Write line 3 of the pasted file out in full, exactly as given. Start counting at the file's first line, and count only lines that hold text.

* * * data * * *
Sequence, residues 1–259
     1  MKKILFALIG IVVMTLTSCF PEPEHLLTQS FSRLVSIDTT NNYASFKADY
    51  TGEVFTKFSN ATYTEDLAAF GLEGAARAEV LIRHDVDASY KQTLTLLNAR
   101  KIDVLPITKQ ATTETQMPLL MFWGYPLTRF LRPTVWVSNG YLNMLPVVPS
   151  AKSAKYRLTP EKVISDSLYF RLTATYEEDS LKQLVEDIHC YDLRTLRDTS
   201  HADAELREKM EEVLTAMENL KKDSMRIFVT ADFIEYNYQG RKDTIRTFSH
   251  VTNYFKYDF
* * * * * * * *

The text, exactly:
    51  TGEVFTKFSN ATYTEDLAAF GLEGAARAEV LIRHDVDASY KQTLTLLNAR